Common Core, DRA, MAP, Standardized Testing: What it All Means to Me


It is school conference and report card time and with 3 children in the public school system, there are a lot of numbers coming at me.  Reading test scores, math test scores, and everything in between.  Some of these numbers have been listed as “above average” and some have been listed as “below average”.  There was a time when these scores would  have meant a lot to me, but now I try to keep all the percentages in perspective.

You see, I was a strong student.  I remember taking standardized tests in school, performing well on them, and taking a great deal of pride in that.  I thought those numbers on the paper said something about who I was.  But now? In my 30’s with a beautiful family, happy marriage, and successful career? I don’t think those numbers had any bearing on where I am today.  Sure, good test scores got me into a good college and then a good graduate program…but then I landed in a job that doesn’t use one iota of that education.  What got me where I am today are not things that standardized testing could measure.  Perseverance, confidence, determination, analytical nature, an open heart and mind, and an ability to hear, read, and understand people…these are the qualities I see in myself that have allowed me to grab onto a rewarding life.

So when I am presented with my children’s test scores, I will try to remember that those numbers are simply telling me if my child was able to select the correct answers to that particular test on that particular day.  Those numbers do not measure my children’s intelligence. They do not measure my abilities as a parent. They do not measure likelihood of happiness and success in life. These are numbers that provide information to teachers and administrators (and politicians). I will let them worry about the number on the page, but as a parent, I have larger things to concern  myself with.

When I sit down with my son to go over his report card there are only 2 areas we discuss: his score on effort, and the teacher’s written comments.  Those tell me all I need to know.  Those pieces of information explain that when he arrives at school, he is ready to learn and trying his best – and also that his teacher enjoys having him as a student.  Those are the areas that tell me he is building the foundation for a successful life.

standardized test

6 thoughts on “Common Core, DRA, MAP, Standardized Testing: What it All Means to Me

  1. I think standardized tests have their place as long as they’re not the only form of measurement. It should be just one piece of the pie that makes up the learning and development. They could be useful in a broad-brush way of helping to identify problem areas or as a base level for placement like reading comprehension, etc. However, I definitely agree that these test results need to be kept in perspective. Someone who performs well on tests is not guaranteed to flourish in life.

  2. YES! Years ago I became attuned through many channels to the virus that is test mania. One can readily find articles popular and scholarly that expose the all too common non-validity of standardized tests. A child who does extremely “well” on a standardized test may or may not be extremely intelligent, but a child who does not do well on a standardized test may be extremely intelligent. In my doctoral work in developmental psychology and raising my own kids–now adults with children of their own–I’ve learned and observed that intelligence is layered and comes in many forms. Standardized tests are their own industry, bought into quite readily by linear thinkers who can’t get beyond numbers to the whole child. Brava for seeing through this all to intimidating charade, moving beyond it with your own children, and sharing it with the rest of us.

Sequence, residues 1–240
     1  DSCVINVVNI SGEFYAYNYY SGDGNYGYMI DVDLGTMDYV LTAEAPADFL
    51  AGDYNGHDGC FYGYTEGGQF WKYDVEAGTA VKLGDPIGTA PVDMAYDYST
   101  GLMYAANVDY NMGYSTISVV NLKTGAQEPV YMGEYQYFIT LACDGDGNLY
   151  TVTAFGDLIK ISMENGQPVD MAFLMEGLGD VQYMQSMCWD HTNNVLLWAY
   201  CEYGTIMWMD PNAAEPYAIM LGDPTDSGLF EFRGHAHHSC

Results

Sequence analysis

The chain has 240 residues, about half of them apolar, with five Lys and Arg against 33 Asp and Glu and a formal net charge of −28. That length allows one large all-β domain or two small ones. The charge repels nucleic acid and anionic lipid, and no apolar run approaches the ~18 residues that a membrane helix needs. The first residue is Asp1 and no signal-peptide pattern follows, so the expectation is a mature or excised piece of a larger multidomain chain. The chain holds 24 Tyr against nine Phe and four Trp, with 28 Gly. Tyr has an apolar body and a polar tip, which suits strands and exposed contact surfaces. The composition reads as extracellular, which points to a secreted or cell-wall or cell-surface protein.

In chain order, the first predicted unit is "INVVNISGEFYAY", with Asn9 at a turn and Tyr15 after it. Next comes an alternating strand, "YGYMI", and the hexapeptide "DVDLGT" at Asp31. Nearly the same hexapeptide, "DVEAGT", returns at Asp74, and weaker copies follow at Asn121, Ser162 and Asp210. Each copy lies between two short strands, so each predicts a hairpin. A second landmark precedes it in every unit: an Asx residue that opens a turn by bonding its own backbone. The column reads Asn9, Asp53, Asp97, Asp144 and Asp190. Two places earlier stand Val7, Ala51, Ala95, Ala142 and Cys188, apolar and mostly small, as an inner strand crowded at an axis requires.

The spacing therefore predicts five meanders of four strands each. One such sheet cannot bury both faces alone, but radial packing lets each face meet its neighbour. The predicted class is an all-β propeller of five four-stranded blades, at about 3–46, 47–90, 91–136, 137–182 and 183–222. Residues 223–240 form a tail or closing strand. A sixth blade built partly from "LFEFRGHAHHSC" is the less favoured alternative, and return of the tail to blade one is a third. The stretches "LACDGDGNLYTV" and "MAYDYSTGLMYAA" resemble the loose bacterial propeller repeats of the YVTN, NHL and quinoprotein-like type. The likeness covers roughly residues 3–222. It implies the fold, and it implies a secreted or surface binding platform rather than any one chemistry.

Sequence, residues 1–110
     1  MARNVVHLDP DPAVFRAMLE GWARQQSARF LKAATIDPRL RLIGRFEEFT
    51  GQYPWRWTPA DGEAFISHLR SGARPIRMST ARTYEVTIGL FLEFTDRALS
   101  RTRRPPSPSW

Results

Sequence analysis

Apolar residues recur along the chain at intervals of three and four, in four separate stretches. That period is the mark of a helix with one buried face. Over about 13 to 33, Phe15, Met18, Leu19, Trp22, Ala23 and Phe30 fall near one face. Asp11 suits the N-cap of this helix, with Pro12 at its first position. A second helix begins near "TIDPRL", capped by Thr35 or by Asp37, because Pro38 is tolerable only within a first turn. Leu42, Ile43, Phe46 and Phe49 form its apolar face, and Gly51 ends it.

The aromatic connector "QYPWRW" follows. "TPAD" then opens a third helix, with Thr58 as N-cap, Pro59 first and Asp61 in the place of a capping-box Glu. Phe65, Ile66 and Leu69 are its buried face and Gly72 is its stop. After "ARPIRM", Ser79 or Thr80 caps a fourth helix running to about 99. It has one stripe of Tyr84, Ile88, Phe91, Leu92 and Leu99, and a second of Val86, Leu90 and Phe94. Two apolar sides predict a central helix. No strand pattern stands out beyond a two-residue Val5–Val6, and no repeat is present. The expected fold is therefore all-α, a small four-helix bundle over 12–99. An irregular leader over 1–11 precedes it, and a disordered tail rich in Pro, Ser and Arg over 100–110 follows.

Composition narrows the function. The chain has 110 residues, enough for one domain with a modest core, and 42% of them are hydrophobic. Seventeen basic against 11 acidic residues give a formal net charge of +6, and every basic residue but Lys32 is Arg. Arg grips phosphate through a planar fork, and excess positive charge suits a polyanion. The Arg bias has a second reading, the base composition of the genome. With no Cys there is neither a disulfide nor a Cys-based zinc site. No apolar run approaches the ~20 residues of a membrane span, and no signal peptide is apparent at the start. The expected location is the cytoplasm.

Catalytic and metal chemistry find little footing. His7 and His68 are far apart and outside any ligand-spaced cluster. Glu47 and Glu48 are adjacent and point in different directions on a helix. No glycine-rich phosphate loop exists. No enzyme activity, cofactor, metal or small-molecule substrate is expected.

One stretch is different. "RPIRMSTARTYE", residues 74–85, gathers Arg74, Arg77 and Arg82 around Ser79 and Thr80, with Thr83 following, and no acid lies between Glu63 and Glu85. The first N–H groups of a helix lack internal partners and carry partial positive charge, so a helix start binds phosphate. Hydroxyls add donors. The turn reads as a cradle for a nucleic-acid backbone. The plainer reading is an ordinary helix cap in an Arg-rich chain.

3. Yes, yes, a million times, YESSSS. I could not possibly care less about standardized test scores. I extend this to SCHOOLS as well– Greatschools scores mean nada- but I do read the parent views on schools and take them to heart. Effort scores are what I look at as well, along with teacher comments…because THOSE are the things that matter in life. Not to mention, CMTS and the like measure how your child did during say, 9-10:30 am on a random day in March– not over time! People have “off” days, or even weeks. I loved this.

  4. I love this. It’s report card time for Z too and I read hers with the same perspective. I was so happy with the things her teacher had to say about her coming to school happy and ready to learn than I was about her specific skills! I hope to keep this mindset when she gets to the testing age! Thanks!

  5. I 100% agree. If Rs teacher tells us that she is a pleasure to have in class, is hardworking, and is a friend to everyone (even the kid who is hard to be friends with) then I know I’ve done my job as a parent.

Share Some Comment Love

Fill in your details below or click an icon to log in: Logo

You are commenting using your account. Log Out /  Change )

Twitter picture

You are commenting using your Twitter account. Log Out /  Change )

Facebook photo

You are commenting using your Facebook account. Log Out /  Change )

Connecting to %s